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Volume 6, Issue 3, June Issue - 2018, Pages:633-638


Authors: Srinivas A, V. Sudha Rani, I. Sreenivasa Rao
Abstract: Seed Banks are places of storage where indigenous seed varieties are conserved and managed by farmers. These are not evaluated with respect to their relevance to tribal farmer’s needs and preferences. In order to measure the tribal farmer’s attitude towards seed bank, it is necessary to construct a scale for this purpose. Method of Equal-Appearing Intervals was used to construct the attitude scale. Total 53 attitude statements about seed banking expressing varied degree of favorableness were collected, edited on the basis of the Edward’s criteria. These statements were subjected to scrutiny by an expert panel. Based on subjects response a standardized scale has been developed with 25 statements. The reliability and validity of the scale indicates its precision and consistency of the results.
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1 Introduction

With the modernization of agriculture and agricultural practices, cropping patterns have changed and genetic diversity started getting lost. As a result, the genetic base of traditional seed varieties reduced considerably and several traditional seed varieties are now facing extinction. The main reason for this is lack of seed banks. Seed banks usually store seed from a wide range of individuals, informal groups and NGOs who share seed among themselves (Lewis & Mulvany, 1997). Promoting the local seed varieties through informal seed distribution systems such as community seed banks/seed banks is the need of the hour in tribal areas (Khadka et al., 2012; Maharjan et al., 2012; Shrestha  et al., 2012; Malik et al., 2013; Singh et al., 2013; Vernooy et al., 2017).In order to promote seed banks in tribal areas, it is necessary to know the attitude of the farmers towards seed banking. In the present study, the various psychological objects such as the seed accessibility, seed production, seed storage, use and seed distribution to others has been symbolized. For this purpose, the study was designed with the objective to develop a scale to measure attitude towards seed banking.

2 Materials and Methods

The attitude scale was constructed by using the equal appearing interval scale developed by Thurstone & chave (1927). Initially, A set of items and statements which elicits the farmers attitude towards seed banking was developed under supervision and consultation of experts, these statements were based on various possible sources viz., literature, discussion with experts, experience of investigator and scientists who work in tribal areas (Chandra & Kumar 2007; Kumar & Ratnakar, 2011). A tentative list of 100 statements expressing varied degree of favorableness was drafted keeping in view of the applicability of statements suited to the area of study. The collected statements were edited based on Edwards 14’s criteria (Edwards,1969) and 47 statements were eliminated.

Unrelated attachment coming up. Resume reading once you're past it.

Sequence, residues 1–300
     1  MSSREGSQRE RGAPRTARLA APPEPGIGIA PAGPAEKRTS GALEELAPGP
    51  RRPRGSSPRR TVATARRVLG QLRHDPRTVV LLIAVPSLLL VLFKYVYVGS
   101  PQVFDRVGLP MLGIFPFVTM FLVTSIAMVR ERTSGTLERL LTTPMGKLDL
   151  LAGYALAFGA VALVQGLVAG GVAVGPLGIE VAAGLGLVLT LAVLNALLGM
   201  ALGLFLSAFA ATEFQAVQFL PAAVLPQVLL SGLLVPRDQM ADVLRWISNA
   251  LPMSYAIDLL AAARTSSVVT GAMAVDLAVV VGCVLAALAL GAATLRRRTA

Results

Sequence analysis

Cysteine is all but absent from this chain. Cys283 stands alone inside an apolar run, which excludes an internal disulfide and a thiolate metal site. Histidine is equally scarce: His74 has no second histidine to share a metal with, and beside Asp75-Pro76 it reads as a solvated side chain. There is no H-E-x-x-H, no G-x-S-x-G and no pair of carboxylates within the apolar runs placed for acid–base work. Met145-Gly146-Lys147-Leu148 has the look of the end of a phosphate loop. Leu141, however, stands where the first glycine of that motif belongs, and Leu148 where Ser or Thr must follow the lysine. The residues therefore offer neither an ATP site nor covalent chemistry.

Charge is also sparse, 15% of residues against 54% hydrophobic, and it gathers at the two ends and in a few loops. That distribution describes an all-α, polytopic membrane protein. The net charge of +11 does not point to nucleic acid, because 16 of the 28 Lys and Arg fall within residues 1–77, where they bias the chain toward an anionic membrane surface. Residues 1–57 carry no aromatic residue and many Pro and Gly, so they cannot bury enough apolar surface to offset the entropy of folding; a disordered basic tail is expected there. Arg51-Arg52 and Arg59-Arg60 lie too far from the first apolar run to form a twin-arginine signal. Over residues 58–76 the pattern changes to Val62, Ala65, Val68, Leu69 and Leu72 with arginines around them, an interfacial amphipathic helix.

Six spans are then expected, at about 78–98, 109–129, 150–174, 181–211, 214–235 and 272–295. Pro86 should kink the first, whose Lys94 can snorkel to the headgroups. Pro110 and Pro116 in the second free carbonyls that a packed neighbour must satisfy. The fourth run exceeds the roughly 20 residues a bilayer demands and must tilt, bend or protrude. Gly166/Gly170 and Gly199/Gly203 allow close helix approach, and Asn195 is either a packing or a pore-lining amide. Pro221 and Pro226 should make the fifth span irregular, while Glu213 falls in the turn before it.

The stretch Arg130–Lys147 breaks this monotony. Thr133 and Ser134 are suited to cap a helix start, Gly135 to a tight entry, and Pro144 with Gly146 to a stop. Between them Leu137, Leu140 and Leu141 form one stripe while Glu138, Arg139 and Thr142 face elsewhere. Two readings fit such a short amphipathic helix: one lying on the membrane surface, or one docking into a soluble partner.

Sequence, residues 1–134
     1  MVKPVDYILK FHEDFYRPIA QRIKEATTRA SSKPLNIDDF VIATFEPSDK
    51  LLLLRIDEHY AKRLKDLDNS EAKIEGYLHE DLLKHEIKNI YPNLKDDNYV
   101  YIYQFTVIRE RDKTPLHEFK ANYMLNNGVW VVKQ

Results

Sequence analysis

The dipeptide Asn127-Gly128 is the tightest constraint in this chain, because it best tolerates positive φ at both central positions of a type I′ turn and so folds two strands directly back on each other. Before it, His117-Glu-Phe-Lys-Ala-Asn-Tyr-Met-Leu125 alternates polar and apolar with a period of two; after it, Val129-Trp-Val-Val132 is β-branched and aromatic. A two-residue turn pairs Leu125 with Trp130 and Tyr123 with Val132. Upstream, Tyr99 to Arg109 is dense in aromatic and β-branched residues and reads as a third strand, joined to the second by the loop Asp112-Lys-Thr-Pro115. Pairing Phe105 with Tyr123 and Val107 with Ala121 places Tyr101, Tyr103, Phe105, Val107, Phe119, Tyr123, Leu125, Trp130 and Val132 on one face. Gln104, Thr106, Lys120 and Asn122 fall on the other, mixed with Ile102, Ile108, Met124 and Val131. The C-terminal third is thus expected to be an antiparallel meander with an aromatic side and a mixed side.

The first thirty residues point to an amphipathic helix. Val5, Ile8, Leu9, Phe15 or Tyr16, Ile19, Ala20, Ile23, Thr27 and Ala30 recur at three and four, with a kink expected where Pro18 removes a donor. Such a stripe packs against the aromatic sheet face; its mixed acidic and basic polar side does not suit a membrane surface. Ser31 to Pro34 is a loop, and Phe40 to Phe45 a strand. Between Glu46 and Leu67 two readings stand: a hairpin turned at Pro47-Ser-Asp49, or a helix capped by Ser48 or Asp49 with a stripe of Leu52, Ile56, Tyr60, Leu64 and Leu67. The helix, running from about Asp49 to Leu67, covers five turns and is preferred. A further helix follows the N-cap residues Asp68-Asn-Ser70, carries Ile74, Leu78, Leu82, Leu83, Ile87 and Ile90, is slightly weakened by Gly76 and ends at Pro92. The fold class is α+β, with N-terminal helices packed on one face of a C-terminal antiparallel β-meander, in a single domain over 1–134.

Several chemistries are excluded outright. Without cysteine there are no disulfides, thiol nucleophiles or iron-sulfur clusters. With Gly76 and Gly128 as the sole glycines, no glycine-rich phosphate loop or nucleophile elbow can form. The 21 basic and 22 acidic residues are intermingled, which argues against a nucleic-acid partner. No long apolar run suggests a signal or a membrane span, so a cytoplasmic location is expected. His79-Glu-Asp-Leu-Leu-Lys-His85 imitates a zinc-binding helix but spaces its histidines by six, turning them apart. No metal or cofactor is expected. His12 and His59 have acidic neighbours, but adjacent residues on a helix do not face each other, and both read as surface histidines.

For the universe of content (statements related to seed banking prior to testing for scalability) fifty three statements were selected. The selected statements were sent to 80 subjects for evaluation and decision. The subjects selected for the study comprised experts in the field of extension, plant breeding, seed technology, Scientists working in tribal areas. Each subject was asked for their rating on 7 point (seven intervals) continuum in terms of the degree of favorableness or unfavorableness feeling expressed by each statement. Finally, out of 80 subjects only 50 subjects are replied.

2.1 Calculations of Scale and Q values

The data obtained from 50 subjects for each statement are arranged in table as frequency and proportions in the first and second row respectively. The proportions are obtained by dividing each frequency by the total number of subjects.